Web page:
From July 13th to the 15th, the Pitchfork Music Festival returns to Union Park in Chicago. Going on its 7th year, Pitchfork Fest has earned its keep, alongside deep-dish pizza and gang crime, as a Chicago institution: 40-plus bands spread over three stages for three days of hot fun in the summertime. The line-up is a cross-section of indie rock’s latest movers and shakers: from obscure noise to hip-hop, electronic to rock.
The best thing about the Pitchfork Festival is that everybody goes home with a new favorite band. Sometimes, literally. With a manageable schedule, you can check the pit in your stomach at the gate (I spent $250 to miss Iggy Pop?) You also won’t be losing any friends because you secretly came to see Metallica, but now suddenly everyone wants to see Eminem. Under the hot sun, it’s easy to convince yourself that a lifetime of regret awaits the one who misses [insert erstwhile artist]’s purported LAST SHOW EVER.
Not at Pitchfork. This festival is about taking it all in: one six-minute fuzz-guitar interlude at a time.
Pitchfork is the only major North American festival where you find headliners described as “witch house” (Grimes), “ancient” (Feist), and “well read” (Vampire Weekend). If you feel like a novice because you can’t name a single song from the above three, rest assured that beneath the aviators and lycra fabric, most Pitchfork-goers are catching up on the music that fell below their wintertime, work day radars.
So this year, catch up with PopMatters. We will give you all the coverage, photos, and opinions you need for this Midwestern musical adventure. You won’t have to scarf down your gourmet hot dog in the Sleigh Bells mosh pit (we will do that for you.)
Like all things PopMatters, we are spicing up our critical approach. Last year, we threw down the indie gauntlet Battlestar-style: pitting human (‘90s rock bands) against Cylon (electro bands). This summer, in the spirit of the Olympics, we divided the teams by geographic origin:
Team East Coast: Dirty Projectors, Clams Casino, A$AP Rocky, The Men, Nicolas Jaar, Oneohtrix Point Never, Chavez, Vampire Weekend, Cults, Liturgy, Sleigh Bells, AraabMuzik, The Psychic Paramount.
Team West Coast: Kendrick Lamar, Schoolboy Q, Flying Lotus, Ty Segall, Thee Oh Sees, Wild Flag, Chromatics, Milk Music, Unknown Mortal Orchestra.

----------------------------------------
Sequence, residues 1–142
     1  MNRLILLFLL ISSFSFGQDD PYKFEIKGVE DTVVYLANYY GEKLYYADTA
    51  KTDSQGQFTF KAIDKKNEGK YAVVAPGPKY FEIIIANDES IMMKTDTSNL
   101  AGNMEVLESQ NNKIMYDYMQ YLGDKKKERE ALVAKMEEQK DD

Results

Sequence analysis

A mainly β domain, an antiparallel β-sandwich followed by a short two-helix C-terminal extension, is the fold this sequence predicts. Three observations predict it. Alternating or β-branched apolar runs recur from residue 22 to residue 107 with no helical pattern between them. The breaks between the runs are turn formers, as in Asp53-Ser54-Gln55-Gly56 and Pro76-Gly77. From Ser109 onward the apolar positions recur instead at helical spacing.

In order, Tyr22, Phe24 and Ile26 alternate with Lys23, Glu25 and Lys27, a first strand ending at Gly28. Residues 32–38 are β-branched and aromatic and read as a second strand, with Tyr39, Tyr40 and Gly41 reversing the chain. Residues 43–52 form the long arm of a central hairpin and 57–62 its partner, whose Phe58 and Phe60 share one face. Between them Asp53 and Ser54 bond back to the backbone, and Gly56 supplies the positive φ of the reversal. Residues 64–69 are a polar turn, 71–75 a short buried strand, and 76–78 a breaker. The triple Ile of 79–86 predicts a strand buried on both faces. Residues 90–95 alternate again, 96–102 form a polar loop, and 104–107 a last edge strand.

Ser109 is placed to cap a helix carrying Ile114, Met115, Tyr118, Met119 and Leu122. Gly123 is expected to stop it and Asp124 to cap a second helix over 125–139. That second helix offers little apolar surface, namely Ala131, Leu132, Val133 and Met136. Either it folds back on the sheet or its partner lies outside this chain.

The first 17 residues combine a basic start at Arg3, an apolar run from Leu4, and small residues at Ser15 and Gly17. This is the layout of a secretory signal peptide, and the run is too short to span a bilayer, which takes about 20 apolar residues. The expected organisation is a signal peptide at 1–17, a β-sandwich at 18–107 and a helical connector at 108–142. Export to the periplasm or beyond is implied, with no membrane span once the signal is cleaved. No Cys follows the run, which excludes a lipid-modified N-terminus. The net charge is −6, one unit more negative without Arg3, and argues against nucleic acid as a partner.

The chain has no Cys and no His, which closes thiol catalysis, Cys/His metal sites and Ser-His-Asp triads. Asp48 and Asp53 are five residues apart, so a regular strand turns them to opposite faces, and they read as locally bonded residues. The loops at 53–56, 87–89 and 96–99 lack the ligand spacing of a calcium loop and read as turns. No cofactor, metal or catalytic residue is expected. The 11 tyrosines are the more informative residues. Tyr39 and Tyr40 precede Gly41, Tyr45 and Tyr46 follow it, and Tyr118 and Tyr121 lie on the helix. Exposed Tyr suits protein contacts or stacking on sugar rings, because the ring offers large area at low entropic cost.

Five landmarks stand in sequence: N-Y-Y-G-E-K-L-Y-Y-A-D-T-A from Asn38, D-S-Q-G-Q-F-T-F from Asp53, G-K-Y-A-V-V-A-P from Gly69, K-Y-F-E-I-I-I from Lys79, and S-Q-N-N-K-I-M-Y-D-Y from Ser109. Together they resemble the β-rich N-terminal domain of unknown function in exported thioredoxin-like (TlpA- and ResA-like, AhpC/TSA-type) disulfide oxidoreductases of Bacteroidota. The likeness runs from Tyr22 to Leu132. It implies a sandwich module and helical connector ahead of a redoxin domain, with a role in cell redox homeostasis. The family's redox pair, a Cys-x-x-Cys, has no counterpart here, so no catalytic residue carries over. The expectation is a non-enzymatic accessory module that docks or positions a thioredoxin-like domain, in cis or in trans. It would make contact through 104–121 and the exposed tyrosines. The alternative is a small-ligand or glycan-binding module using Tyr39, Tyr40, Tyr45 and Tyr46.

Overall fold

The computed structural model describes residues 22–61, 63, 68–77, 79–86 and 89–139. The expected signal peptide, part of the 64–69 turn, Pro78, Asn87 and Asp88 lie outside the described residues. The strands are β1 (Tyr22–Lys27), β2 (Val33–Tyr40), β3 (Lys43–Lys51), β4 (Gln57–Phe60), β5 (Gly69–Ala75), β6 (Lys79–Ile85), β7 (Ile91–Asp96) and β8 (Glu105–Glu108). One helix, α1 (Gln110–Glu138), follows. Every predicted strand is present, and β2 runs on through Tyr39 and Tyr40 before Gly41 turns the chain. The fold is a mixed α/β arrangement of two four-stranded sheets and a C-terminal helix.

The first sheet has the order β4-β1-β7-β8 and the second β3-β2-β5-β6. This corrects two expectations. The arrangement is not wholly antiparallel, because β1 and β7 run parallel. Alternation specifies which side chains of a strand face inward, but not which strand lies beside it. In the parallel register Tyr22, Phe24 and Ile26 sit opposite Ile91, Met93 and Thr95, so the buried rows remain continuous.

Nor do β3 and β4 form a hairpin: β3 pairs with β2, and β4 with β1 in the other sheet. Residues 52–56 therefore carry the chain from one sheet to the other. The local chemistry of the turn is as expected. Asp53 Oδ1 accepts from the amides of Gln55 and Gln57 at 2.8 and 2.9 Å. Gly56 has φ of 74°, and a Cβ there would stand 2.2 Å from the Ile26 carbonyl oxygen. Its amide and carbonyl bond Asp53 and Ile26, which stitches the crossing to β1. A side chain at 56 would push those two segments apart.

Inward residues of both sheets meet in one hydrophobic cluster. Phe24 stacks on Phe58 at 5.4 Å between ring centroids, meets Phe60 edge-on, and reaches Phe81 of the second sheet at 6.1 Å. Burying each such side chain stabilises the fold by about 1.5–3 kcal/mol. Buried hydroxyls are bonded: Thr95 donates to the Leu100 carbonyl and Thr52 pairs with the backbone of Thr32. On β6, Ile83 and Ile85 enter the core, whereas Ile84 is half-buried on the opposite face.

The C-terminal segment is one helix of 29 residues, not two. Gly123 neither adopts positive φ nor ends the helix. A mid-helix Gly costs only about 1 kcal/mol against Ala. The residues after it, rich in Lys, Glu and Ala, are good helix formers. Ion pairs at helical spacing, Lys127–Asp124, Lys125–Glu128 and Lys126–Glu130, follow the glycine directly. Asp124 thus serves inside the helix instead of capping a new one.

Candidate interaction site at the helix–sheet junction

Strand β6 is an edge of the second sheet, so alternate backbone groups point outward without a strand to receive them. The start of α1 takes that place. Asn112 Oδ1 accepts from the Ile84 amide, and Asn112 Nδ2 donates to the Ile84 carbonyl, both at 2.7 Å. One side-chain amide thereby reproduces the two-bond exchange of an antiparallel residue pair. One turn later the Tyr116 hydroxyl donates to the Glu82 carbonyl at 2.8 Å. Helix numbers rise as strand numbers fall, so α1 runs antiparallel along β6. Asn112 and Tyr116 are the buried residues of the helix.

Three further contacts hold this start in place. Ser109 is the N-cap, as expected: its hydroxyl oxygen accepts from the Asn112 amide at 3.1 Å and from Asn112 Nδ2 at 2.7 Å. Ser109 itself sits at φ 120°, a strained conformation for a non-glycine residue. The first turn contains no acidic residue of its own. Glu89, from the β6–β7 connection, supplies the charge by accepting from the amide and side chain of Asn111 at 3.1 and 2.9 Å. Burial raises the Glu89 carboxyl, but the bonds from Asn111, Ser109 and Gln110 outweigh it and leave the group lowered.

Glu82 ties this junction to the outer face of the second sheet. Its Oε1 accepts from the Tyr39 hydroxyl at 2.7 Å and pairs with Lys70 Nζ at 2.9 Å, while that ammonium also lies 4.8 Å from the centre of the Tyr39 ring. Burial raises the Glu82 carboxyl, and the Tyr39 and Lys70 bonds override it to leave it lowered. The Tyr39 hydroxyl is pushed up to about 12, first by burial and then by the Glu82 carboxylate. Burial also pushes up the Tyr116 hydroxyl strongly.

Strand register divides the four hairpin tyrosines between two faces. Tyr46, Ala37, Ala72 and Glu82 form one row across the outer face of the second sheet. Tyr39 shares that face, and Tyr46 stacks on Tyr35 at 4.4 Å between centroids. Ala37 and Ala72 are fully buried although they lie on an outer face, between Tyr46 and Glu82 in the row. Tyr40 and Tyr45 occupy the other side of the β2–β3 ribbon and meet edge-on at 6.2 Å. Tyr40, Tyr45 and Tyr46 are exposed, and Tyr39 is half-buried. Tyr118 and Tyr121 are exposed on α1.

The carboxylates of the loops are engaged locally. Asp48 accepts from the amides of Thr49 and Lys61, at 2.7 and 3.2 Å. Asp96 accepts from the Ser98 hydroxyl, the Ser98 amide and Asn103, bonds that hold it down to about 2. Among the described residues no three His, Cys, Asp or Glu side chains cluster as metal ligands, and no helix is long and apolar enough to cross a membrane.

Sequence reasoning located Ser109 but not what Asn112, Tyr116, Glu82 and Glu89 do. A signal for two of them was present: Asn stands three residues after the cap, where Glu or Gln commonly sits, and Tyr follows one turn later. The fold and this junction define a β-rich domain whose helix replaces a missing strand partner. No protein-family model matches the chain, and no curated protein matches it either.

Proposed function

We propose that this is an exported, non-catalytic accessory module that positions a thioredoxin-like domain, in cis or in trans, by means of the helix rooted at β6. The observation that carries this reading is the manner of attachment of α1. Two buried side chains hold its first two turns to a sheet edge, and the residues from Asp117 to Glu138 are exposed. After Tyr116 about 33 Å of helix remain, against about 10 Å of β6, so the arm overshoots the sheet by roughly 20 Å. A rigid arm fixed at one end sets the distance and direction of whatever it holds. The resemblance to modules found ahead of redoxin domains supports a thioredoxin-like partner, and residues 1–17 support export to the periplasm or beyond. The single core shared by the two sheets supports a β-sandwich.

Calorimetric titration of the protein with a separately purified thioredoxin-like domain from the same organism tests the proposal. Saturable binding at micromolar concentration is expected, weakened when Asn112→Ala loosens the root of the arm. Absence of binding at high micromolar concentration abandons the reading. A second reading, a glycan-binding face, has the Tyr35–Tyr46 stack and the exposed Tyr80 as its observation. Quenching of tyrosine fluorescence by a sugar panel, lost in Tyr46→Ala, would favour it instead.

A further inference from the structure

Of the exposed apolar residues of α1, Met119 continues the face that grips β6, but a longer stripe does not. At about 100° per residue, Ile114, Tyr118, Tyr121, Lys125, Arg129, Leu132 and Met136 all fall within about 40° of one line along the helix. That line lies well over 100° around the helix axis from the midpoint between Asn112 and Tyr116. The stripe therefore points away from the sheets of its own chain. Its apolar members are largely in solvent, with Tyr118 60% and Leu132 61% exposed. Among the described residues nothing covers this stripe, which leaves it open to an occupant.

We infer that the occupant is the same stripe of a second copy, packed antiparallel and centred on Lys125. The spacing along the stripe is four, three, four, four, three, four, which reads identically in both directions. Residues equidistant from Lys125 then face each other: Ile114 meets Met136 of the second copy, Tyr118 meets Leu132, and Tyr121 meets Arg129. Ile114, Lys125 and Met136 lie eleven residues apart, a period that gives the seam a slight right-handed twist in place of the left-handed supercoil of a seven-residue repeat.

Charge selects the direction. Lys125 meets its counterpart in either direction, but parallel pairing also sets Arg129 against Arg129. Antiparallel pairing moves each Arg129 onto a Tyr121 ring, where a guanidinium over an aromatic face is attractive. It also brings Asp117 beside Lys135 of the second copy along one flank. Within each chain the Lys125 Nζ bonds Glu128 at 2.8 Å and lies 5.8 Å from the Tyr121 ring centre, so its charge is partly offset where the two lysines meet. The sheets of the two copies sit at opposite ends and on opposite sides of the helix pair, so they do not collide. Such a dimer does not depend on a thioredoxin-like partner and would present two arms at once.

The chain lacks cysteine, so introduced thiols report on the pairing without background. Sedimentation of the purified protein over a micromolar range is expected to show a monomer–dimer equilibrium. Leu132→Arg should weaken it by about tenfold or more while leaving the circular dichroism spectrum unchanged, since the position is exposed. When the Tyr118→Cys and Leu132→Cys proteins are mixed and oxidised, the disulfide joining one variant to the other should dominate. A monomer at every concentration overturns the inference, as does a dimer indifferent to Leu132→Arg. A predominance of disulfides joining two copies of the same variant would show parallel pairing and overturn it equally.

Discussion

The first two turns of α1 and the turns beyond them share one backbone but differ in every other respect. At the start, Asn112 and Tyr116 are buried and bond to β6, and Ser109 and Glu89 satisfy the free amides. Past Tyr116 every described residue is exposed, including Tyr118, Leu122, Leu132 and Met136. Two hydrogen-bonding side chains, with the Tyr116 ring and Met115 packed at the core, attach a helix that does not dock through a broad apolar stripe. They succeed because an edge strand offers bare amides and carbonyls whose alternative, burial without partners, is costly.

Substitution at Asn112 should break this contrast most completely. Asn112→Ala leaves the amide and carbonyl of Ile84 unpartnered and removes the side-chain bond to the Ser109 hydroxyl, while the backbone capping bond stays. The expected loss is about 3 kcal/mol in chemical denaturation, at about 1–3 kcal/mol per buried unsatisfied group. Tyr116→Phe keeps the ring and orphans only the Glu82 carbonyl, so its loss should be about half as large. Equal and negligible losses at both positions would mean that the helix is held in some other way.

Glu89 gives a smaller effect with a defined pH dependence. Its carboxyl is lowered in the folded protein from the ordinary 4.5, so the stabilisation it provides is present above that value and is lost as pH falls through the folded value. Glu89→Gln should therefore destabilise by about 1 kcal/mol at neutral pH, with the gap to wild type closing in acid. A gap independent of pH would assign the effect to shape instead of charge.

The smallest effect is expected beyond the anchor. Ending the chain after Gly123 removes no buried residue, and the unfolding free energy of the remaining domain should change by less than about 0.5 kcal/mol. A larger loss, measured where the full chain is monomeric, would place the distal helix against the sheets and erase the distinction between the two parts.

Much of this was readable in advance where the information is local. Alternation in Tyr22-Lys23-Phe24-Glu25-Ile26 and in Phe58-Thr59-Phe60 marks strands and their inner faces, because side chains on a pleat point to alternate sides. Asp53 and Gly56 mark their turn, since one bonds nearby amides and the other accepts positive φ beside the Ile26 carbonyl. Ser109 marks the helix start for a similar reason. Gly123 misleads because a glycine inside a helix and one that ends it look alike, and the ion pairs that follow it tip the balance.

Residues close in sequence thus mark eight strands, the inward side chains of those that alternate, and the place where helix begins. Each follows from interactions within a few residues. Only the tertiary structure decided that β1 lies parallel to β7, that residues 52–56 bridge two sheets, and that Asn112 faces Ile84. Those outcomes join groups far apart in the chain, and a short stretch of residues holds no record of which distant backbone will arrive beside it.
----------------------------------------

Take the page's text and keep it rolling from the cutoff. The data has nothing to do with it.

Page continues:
Team South: The Olivia Tremor Control, Big K.R.I.T., Atlas Sound, Lotus Plaza, Beach House*, Lower Dens*
Team Midwest: Willis Earl Bean, Outer Minds, Danny Brown, Cloud Nothings, The Atlas Moth, Youth Lagoon, A Lull.
Team Euro-Canada**: Feist, Japandroids, Purity Ring, Tim Hecker, Grimes, Godspeed You! Black Emperor, Dirty Beaches, Hot Chip, The Field, Iceage, King Krule.
Sure, the numbers are a little uneven, but how else are we supposed to entertain ourselves until Game of Thrones Season 3? Like the Lannisters, or the Yankees, Team East Coast seems like it has the clearest advantage. The fierce rap-rock combo of Harlem’s A$AP Rocky and Brooklyn’s Dirty Projectors alone is almost unfairly awesome. Rookie, Team South, will need to strike their opponents’ Achilles’ heel with psychedelic sounds from Beach House and Lotus Plaza.
Will the indie veterans of Wild Flag paint the stage with the young punks from Iceage? Will infinity guitars be enough for Sleigh Bells to hold jukebox juggernaut, Willis Earl Bean, on his home turf? How cruel is King Krule? Cruel enough to decorate the Canadian border with the heads of Nicolas Jaar and Danny Brown?!
If you haven’t bought your tickets for Pitchfork, single-day passes are still available. Join the fight fun! As Tyrion Lannister might say: “Those are brave bands knocking at our door – let’s go hear them!”
*Baltimore is technically on the Mason-Dixon line.
**We combined European and Canadian acts to even the numbers.
Three day passes are sold out but you can still pick up single day tickets here.
Lineups by Day:
Willis Earl Beal
Olivia Tremor Control
The Atlas Moth
Godspeed You! Black Emperor
The Psychic Paramount
Thee Oh Sees
Oneohtrix Point Never
Unknown Mortal Orchestra